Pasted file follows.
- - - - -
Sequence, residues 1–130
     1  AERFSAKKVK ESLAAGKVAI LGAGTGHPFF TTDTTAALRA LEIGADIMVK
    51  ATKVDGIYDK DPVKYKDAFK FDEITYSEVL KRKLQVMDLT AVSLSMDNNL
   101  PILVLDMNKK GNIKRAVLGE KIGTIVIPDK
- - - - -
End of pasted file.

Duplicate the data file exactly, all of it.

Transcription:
Sequence, residues 1–130
     1  AERFSAKKVK ESLAAGKVAI LGAGTGHPFF TTDTTAALRA LEIGADIMVK
    51  ATKVDGIYDK DPVKYKDAFK FDEITYSEVL KRKLQVMDLT AVSLSMDNNL
   101  PILVLDMNKK GNIKRAVLGE KIGTIVIPDK